Ewe breed differences in cervical anatomy and cervicovaginal mucus properties: An international study
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CitationL. Abril-Parreño, A.K. Krogenæs, C.J. Byrne, A. Donovan, S. Stuen, E. Caldas, M. Diskin, X. Druart, S. Fair, Ewe breed differences in cervical anatomy and cervicovaginal mucus properties: An international study, Theriogenology, Volume 160, 2021, Pages 18-25, ISSN 0093-691X, https://doi.org/10.1016/j.theriogenology.2020.10.038.
AbstractIn sheep, cervical artificial insemination (AI) involves depositing semen at the cervical opening, as it is not possible to traverse the cervix due to its complex anatomy. However, internationally this method yields low pregnancy rates when frozen-thawed semen is used. An exception to this is in Norway, in which vaginal deposition of frozen-thawed semen to a natural estrus yields pregnancy rates around 70%. As the cervix and its secretions are the principal factors influencing sperm transport to the site of fertilization the aim of this study was to characterise the differences in the cervical anatomy as well as the cervicovaginal mucus properties of six European ewe breeds across three countries known to have differences in pregnancy rates following cervical AI with frozen-thawed semen. These were Suffolk and Belclare in Ireland, Fur and Norwegian White Sheep (NWS) in Norway and Ile de France and Romanov in France (n = 28–30 ewes/breed). Cervicovaginal mucus was collected at the follicular and luteal phases of both a synchronized and natural cycle and assessed for mucus weight, viscosity and colour. The anatomical characteristics of the cervix (length of the cervix, number of cervical rings and the appearance of the external os) were assessed post-mortem. There was a type of the cycle by ewe breed interaction represented by no differences in mucus production between ewe breeds at the natural cycle for both the follicular and luteal phases of the cycle. However, there were differences between ewe breeds at the synchronized cycle (P < 0.05). Belclare had the lowest mucus production at the follicular phase while NWS had the lowest amount of mucus at the luteal phase of the synchronized cycle. Overall, across all ewe breeds, mucus production was higher at the follicular than at the luteal phase (P < 0.05). Despite reports of Suffolk and NWS having the most divergent pregnancy rates following cervical AI with frozen-thawed semen, both breeds had the lowest overall mucus viscosity at the follicular phase of both types of cycle with no differences between both ewe breeds (P > 0.05). The length of the cervix, number of cervical rings and the external os type were affected by ewe breed (P < 0.05). Suffolk ewes had longer cervices but lower number of cervical rings than NWS and Fur ewes (both with higher pregnancy rates). In conclusion, while mucus production and mucus viscosity was affected by breed, these changes are not consistent with the known differences between ewe breeds in their pregnancy rates following cervical AI with frozen-thawed semen.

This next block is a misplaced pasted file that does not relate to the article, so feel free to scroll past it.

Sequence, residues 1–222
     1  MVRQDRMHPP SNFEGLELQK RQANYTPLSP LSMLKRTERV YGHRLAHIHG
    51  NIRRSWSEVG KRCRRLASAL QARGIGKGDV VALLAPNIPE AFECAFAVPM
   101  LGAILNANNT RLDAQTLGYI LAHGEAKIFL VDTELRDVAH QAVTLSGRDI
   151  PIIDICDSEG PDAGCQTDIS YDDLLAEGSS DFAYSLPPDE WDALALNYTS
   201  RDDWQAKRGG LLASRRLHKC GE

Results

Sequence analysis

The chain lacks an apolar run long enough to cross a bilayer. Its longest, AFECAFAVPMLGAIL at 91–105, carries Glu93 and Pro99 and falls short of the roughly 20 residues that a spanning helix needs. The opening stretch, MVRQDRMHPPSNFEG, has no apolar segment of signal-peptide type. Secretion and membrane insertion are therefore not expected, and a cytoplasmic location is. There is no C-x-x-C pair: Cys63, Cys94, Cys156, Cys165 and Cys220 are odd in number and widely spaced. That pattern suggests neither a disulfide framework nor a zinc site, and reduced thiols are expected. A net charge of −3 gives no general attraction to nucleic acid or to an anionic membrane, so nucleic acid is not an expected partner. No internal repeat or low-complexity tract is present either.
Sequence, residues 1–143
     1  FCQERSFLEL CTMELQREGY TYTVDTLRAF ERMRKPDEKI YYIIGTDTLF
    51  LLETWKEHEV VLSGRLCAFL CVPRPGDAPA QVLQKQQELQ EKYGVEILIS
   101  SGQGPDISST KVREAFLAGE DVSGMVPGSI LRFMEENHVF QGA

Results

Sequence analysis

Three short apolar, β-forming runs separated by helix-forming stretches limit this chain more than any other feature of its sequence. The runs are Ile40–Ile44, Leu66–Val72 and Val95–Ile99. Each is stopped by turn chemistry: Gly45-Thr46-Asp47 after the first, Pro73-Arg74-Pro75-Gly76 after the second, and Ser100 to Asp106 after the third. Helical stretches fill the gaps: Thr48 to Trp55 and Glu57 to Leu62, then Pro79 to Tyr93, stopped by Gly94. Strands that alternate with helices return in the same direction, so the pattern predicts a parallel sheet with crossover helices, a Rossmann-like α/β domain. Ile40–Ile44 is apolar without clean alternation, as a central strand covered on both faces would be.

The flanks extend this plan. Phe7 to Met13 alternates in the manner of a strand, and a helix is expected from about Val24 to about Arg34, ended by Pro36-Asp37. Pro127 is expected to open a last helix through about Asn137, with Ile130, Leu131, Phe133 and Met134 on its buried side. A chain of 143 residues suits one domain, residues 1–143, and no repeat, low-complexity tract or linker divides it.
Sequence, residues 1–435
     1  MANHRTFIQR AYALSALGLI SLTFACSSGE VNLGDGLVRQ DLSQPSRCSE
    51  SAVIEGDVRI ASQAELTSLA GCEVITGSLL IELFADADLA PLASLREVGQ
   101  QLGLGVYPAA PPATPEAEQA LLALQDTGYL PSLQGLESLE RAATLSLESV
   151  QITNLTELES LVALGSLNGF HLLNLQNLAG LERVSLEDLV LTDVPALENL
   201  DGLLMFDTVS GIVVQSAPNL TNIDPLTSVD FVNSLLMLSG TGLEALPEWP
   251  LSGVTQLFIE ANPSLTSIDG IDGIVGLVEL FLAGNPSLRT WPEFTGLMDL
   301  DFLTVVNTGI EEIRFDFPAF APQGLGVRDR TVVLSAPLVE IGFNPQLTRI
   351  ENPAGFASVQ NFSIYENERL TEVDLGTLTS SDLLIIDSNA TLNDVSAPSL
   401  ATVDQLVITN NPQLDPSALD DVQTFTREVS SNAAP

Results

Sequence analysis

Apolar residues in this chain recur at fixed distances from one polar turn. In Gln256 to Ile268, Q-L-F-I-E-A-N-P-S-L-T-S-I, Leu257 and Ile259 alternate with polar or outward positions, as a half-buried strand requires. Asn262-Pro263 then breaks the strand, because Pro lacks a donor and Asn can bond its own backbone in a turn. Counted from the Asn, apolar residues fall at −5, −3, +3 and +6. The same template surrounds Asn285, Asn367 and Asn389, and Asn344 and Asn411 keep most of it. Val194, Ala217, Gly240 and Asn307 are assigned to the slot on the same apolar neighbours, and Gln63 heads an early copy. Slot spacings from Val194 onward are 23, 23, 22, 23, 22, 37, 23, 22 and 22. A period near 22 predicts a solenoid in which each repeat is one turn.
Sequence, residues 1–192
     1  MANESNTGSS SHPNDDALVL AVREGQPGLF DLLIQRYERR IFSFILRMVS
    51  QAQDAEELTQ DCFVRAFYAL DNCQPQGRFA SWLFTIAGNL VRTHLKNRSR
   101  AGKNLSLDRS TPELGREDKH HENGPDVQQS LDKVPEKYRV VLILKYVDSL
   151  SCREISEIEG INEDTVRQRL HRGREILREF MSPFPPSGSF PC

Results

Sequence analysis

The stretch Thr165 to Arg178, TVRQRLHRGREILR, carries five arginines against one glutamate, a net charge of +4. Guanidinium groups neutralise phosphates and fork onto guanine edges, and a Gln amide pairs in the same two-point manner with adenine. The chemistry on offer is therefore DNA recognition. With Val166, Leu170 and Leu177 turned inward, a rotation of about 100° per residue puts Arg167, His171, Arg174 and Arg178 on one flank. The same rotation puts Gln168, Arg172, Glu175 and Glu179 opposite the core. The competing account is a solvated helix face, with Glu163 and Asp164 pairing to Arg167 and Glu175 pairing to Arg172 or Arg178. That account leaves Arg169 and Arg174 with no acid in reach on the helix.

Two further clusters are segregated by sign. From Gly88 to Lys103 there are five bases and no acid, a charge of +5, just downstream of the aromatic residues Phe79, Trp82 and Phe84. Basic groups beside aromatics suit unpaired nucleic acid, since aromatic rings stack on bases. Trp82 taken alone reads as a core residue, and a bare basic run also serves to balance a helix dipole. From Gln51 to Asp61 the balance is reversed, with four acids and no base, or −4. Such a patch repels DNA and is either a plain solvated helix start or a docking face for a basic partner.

FunderEuropean Research Area Network, on Sustainable Animal Production; Department of Agriculture, Food and the Marine, Ireland; Teagasc; Agence Nationale de la Recherche, France; The Research Council of Norway
Grant Number16/RD/SusAn/ERA-NET; ANR-16-SUSN-0001; NFR 272338 / E50
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Except where otherwise noted, this item's license is described as © 2020 The Authors. Published by Elsevier Inc.